A Sermon Delivered by JESSE KERSEY at Darby (Pennsylvania) April 15, 1827. Taken in Short Hand by Marcus T.C. Gould.
The Quaker, Vol. II, No. 1 (July, 1827) Pages 33-36.

This is The Quaker Homiletics Online Anthology, Part Three: The 19th Century.

I count it among the unspeakable blessings, after having known and experienced a great variety of circumstances, to be permitted to possess a mind, calm and quiet in itself, and I have believed that this possession is attainable, only and alone, upon the simple ground of perfect resignation to the will of God. In this instructive view, I have felt, in the present assembly, my soul quickened, and led into the contemplation not only of the exposition of Christianity, as the name is furnished by its great founder; but also, of the superior dignity and great importance that stands connected with the example which he has furnished, and which become peculiarly striking, in an especial manner, to those who may in some measure have realized a corresponding condition, according to their capacity.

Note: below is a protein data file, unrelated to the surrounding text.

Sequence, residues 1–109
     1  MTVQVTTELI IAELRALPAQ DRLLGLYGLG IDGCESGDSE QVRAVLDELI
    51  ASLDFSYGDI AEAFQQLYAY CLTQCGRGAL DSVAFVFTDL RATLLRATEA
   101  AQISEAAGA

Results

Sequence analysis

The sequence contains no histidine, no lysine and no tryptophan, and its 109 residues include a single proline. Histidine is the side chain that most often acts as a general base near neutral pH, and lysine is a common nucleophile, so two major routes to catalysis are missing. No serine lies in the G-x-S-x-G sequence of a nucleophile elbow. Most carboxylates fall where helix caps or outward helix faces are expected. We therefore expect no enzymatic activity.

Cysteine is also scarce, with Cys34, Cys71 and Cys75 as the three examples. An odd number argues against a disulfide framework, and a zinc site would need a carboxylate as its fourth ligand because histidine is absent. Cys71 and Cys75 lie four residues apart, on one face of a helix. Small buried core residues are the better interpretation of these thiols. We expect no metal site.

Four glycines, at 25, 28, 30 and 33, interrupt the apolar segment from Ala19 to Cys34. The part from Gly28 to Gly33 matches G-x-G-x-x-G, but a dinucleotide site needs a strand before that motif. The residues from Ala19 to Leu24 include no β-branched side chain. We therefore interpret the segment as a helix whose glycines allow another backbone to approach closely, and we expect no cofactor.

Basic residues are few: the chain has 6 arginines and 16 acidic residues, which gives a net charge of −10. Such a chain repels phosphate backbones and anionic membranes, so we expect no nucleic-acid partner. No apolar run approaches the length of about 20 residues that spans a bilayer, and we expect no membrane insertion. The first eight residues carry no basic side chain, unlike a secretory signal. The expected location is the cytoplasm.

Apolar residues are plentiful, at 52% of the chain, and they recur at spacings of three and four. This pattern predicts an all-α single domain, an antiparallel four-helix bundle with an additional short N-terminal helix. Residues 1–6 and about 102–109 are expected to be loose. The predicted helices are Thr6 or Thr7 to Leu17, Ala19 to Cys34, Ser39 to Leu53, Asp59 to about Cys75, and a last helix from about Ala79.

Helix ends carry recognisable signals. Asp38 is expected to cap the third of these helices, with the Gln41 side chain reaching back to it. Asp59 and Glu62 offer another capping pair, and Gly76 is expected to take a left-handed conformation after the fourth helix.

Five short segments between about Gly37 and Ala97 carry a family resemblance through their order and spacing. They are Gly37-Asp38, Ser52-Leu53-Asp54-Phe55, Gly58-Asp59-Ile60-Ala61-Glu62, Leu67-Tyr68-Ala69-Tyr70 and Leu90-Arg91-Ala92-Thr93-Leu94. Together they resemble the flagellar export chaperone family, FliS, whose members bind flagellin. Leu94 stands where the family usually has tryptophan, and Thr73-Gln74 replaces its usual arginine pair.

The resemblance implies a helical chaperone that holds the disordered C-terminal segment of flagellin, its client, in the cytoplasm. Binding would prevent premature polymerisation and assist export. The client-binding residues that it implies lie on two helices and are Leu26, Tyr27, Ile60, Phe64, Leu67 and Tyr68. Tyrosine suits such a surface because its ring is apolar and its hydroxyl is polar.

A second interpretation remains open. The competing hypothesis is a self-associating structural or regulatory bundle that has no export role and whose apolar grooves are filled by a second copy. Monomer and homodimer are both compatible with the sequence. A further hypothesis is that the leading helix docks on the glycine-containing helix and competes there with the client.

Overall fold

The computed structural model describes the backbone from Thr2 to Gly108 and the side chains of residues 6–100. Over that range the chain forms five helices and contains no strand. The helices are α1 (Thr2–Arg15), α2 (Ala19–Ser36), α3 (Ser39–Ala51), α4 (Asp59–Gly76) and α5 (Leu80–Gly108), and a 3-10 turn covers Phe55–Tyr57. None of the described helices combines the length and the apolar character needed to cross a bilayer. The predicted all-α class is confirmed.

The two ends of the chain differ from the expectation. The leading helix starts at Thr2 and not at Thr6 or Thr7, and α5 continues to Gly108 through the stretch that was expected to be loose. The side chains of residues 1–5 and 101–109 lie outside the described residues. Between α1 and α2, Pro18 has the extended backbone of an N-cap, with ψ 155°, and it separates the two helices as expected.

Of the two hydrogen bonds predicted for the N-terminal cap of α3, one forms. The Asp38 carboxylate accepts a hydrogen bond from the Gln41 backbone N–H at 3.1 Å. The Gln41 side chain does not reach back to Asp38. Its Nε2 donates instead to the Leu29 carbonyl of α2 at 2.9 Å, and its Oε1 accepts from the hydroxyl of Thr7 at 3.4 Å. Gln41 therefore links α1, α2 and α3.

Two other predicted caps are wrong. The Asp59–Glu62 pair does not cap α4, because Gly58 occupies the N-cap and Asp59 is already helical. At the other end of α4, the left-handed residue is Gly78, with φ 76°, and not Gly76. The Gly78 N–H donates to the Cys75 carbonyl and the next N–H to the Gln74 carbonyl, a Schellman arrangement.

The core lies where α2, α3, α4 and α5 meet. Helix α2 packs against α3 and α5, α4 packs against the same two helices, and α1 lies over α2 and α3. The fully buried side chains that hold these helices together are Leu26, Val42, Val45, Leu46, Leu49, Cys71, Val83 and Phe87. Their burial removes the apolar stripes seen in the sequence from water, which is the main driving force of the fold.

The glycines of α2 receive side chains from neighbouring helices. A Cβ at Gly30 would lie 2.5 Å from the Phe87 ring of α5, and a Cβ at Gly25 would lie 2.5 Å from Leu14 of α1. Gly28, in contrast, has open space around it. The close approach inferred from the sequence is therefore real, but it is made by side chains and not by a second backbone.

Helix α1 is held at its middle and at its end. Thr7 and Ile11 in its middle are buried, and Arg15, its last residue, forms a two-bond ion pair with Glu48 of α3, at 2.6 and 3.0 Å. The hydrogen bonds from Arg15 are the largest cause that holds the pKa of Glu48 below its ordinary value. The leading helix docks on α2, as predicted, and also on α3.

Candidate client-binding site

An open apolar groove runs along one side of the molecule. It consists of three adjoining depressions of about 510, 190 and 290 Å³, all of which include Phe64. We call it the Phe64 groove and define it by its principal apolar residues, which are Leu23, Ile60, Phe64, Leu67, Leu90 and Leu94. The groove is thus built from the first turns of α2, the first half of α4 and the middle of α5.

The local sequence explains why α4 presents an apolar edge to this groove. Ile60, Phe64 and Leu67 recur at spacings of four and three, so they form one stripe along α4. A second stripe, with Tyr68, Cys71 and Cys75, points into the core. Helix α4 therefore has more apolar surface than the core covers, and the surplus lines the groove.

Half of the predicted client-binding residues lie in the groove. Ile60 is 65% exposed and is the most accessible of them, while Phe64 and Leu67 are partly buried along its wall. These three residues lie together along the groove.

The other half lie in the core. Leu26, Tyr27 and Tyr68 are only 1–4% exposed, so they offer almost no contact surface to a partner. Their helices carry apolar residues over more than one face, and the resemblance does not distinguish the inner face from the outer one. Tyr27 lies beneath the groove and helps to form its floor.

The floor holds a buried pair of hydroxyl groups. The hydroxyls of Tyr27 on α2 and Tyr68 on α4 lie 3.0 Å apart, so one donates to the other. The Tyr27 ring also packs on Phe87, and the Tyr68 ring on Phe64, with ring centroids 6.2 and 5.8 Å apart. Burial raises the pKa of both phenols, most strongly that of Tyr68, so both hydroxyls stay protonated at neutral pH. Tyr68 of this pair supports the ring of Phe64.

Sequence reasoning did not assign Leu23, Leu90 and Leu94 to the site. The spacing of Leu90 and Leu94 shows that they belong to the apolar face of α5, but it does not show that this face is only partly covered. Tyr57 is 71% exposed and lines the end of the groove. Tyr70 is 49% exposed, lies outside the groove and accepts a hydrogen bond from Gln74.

In relation to his example, my mind, in this meeting, has been led to that period when he was forsaken by all his disciples, and when, as it related to his outward manhood, it was stripped of every possible ground of comfort, when he stood in the judgment hall, and witnessed the accusations that were multiplied upon him. It is natural to human nature under circumstances of this kind, to attempt to make its own defence. But the blessed Jesus, standing in the dignity of the divinity of his character, was capable of sustaining the whole weight of their accusations; and Pilot marveled at his silence. He was not in possession of any evidence, which would go to satisfy him, how it was possible, for a human subject, such as he esteemed him to be, under such circumstances to maintain a profound and dignified silence. And it seems the company were not aware of the important subject they had in hand, until they had passed sentence of death upon him. It was subsequent to this event, that circumstances concurred to demonstrate that it was no common case. And their impressions of doubt were occasioned by the admirable evidence that followed; and which you, who hear these views, may examine at your leisure. But this unequaled example - this blessed and glorious light that came to enlighten the Gentiles, and for God's salvation to the ends of the earth, has not only in this instance given ample proof of the vast powers of his divine nature; but he has also given demonstration, of the passive ground on which every disciple in his church should stand. And in the exposition of the nature of that religion that is from heaven, and which raises the soul of its possessor with a divinity of feeling and sensation that surpasses the common comprehension of man, he states a case, and a remarkable case, on being questioned which were the important commands to be regarded. "Thou shalt love the Lord thy God, with all thy heart, and with all thy soul, and with all thy mind, and with all thy strength. This is the first commandment. And the second is like, namely this, thou shalt love thy neighbour as thyself. On these two commandments hang all the law and the prophets." The inquiry was raised in consequence - "And who is my neighbour ?" Jesus puts to him a case of a man that traveled from Jerusalem to a place of diminished character and condition, Jericho, and that in his way "he fell among thieves which stripped him of his raiment, and wounded him and departed, leaving him half dead. And by chance there came down a certain priest that way; and when he saw him, he passed by on the other side. And likewise a Levite, when he was at the place, came and looked on him, and passed by on the other side." They did not turn their attention to their suffering fellow subject, so as feelingly to regard his case. "But a certain Samaritan (who was despised by the Jews, and considered beneath the range of their notice) as he journeyed, came where he was, and when he saw him he had compassion on him." You may read also this passage, and it merits the consideration of every professing Christian, and see whether there was any thing in the nature and temper of the character developed, that is proper to be cherished among the rational creation. Here the inquisitor perceived and had to acknowledge, that he who showed mercy was the neighbour to him that fell among thieves.